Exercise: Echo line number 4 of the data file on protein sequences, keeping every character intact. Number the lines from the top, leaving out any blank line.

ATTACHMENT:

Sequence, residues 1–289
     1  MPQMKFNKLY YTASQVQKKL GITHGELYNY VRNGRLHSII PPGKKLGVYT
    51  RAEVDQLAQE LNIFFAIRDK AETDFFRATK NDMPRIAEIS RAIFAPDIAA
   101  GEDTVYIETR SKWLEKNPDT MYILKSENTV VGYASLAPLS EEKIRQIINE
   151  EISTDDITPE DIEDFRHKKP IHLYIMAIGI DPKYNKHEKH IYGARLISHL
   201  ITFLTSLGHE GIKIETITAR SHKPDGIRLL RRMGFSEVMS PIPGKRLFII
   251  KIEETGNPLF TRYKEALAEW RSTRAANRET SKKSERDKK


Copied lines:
   101  GEDTVYIETR SKWLEKNPDT MYILKSENTV VGYASLAPLS EEKIRQIINE